But good education is not “data driven.” It is “child driven and data informed.”  Good education is not based on fear and dictatorial orders. It is grounded in quality teaching and a rigorous, comprehensive curriculum.

As union president, every day I hear dedicated teachers express their frustrations and concerns.  Some of the increasingly common remarks: “I feel disrespected.” “There’s no time to teach.” “We’re not being treated like professionals.” “I’m spending time inputting data instead of planning my teaching and helping my students.” “They’ve taken the joy out of teaching and learning.”  “We’re turning both teachers and students into robots.”

The de-professionalization of teaching and the drill-and-kill/memorization approach to learning is happening throughout the United States. But it is most pronounced in urban school districts like Milwaukee, which predominantly serve low-income students of color.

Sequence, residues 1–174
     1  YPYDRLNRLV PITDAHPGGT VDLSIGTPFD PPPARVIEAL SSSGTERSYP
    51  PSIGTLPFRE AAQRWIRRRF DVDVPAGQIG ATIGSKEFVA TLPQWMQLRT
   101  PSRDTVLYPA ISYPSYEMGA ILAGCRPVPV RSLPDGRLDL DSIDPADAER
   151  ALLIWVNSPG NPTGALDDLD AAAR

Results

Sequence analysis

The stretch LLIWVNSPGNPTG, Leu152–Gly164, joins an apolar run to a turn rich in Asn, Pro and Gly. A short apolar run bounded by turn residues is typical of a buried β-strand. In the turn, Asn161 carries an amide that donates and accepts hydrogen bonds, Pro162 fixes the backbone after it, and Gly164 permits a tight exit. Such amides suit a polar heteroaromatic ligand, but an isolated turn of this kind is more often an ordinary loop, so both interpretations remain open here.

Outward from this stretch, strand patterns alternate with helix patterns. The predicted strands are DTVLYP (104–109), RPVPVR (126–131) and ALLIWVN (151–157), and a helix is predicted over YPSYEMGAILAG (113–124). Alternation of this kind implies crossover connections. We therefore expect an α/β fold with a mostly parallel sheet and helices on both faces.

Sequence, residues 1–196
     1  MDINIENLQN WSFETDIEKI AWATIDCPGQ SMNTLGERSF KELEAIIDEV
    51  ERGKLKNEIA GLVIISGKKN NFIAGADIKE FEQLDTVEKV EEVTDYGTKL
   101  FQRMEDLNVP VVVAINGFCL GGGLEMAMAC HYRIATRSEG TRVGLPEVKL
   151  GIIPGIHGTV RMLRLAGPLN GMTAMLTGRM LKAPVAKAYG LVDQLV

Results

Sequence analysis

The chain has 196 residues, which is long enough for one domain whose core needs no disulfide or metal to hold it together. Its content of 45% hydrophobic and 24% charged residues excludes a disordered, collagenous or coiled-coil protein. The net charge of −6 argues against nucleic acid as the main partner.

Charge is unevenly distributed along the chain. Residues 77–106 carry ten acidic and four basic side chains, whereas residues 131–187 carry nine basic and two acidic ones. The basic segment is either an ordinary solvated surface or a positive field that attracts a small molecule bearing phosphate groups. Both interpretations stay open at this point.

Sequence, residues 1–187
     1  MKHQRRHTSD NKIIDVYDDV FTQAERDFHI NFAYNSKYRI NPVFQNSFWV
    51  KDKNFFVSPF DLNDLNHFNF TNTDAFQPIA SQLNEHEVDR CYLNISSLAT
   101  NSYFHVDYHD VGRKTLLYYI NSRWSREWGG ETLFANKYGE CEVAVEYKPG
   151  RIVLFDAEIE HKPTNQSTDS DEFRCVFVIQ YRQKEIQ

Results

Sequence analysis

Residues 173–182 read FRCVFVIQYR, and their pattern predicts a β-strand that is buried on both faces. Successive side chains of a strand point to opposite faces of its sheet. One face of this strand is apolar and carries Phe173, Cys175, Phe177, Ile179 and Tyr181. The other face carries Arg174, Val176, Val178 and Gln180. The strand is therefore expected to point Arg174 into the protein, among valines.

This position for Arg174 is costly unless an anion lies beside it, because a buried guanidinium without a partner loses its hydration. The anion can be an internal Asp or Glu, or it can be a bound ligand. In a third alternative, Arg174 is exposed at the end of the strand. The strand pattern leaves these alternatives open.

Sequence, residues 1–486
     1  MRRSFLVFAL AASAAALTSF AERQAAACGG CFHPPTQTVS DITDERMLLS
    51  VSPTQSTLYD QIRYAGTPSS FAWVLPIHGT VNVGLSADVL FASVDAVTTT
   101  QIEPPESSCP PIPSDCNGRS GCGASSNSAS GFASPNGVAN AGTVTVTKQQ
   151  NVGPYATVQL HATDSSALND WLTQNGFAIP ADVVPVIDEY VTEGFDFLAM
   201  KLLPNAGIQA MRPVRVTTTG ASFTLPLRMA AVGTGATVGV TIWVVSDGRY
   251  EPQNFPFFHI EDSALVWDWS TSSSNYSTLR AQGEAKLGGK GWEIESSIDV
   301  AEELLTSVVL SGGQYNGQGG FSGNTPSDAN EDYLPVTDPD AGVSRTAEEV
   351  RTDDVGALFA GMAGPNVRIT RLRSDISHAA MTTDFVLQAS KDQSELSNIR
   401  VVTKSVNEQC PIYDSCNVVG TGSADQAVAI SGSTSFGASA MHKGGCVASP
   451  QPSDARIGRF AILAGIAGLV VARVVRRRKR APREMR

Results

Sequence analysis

Which raises a troubling but much-neglected question. Are we institutionalizing a dual system of education, not only in terms of segregation and resources, but also curriculum?  

Writer Jonathan Kozol has eloquently described the “savage inequalities” in funding between most suburban and urban school districts. He has, in equally eloquent language, written of the “educational apartheid” that separates teaching and curriculum. Poor children in urban schools (especially those who did not get into highly sought-after admissions schools) tend to get a narrower, skills-centered, textbook- and test-driven curriculum. Schools serving more affluent students, especially in suburban areas, tend to receive a full repertoire of art, music, and physical education, along with classrooms in which they work on projects, read entire books, and grabble with ideas and solve problems.